SharePoint is fundamentally a business platform, worth more than the sum of its parts. It is not just a piece of software, not just a series of servers, not just a collection of tools and accelerators: it is a platform on which your business can associate, collaborate, and innovate. So why are the majority of deployments initiated by IT or engineering without the voice of the business users?
If this sounds like your company, and you’re preparing to build out SharePoint for the first time, migrate from an earlier version to the latest, or move your content out onto SharePoint in the cloud, these are steps you can take to move this project from a purely IT-led initiative to a more business-focused effort:
Build your environment with business solutions in mind.
Never deploy SharePoint without a clear idea of the business solutions you are trying to solve. While “to collaborate more” or “to create a single version of the truth” are technically valid, these generic answers can be applied to a wide range of solutions, and don’t help you refine your plans to meet the specifics of your business. Something more detailed might be “Automate dashboard capabilities for each business unit, pulling real-time data from transactional systems and direct user input.” Having a clear picture will help you better estimate your project goals.
Include your end users in the process.
Your end users know their content and business systems better than you, so why would you not include them? Get them involved early and often, have them participate in the testing, and give them visibility into the project requirements and planning. The more involved they are, the more likely they will adopt the resulting platform.
Map out your information architecture.
Nothing is more important to SharePoint than a solid information architecture. A strong taxonomy will make your platform usable, searchable, and functional. Map out your site structure, navigation, and all of your custom content types and site templates. Having a clear map will also help you to understand your future governance needs, and where you will need resources to manage SharePoint going forward.
Conduct thorough capacity planning.
You can’t truly conduct your capacity planning until you complete the previous steps, as they can dramatically change your perception of what the system looks like. Assuming you have solid requirements, end user input, and a plan around information architecture, you can then estimate site, list, and content database throttles, and your future growth needs. And don't think that because you're moving to Office 365 that you don't need to do some degree of capacity planning. Find out about the thresholds and limitations of sites and site collections, and plan accordingly.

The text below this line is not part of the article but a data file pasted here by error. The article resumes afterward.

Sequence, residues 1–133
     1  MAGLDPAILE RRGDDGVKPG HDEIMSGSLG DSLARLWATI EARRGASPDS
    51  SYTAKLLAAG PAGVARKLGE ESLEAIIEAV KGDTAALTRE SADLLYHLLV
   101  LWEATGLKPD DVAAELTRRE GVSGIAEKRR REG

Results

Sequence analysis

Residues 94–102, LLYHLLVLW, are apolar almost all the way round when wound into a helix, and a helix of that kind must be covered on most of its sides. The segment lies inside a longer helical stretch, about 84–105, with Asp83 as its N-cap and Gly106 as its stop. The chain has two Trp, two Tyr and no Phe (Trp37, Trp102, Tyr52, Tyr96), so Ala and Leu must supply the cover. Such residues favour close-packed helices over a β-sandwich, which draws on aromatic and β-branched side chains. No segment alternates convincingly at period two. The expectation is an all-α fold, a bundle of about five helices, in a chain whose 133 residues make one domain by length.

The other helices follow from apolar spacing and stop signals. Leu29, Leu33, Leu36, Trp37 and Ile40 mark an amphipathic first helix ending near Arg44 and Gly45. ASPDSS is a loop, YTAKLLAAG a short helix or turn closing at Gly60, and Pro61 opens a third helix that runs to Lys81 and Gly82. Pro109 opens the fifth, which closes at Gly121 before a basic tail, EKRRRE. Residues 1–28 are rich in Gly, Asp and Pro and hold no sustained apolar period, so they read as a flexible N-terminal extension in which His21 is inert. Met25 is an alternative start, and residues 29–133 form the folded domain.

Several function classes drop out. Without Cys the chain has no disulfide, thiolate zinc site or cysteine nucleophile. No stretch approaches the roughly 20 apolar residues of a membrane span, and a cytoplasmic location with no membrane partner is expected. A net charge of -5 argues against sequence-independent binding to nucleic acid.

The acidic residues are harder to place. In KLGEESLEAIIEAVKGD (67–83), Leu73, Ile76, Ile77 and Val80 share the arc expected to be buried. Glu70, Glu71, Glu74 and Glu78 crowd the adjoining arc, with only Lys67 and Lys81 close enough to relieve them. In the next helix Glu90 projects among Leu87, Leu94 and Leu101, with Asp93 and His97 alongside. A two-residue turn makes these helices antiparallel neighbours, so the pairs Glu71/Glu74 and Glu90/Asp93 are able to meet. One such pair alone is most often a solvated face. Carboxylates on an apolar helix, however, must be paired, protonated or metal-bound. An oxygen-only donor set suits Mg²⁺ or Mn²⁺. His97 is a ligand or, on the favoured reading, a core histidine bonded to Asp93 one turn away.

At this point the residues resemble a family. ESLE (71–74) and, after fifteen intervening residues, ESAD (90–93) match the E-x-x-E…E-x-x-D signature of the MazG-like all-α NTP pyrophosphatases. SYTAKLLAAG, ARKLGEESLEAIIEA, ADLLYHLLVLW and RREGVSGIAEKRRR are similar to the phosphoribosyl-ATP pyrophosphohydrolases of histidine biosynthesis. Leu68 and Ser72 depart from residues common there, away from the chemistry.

Build out a balanced schedule.
Be sure to include time for planning, testing, and post-deployment review (lovingly known as the post-mortem). This will help you to keep the project business-focused, and provide for continuous feedback from stakeholders and end users – which will help with the overall success of the deployment. Overall, it’ best to deploy in steps, dividing and conquering, and building on successes.
Train people on the new platform.
Don’t assume that people understand even the basics of SharePoint. Even if the effort is an upgrade, provide training and tools so that there are no barriers to adoption. If you’ve built your platform around specific business solutions, you’ll want to train people on the new ways in which they’ll accomplish their jobs.
Microsoft has done a fantastic job at marketing the power and ease of use of SharePoint -- however, the typical environment is a bit more complex than the datasheets and online tutorials would have you believe, and you should always go into it with a plan.
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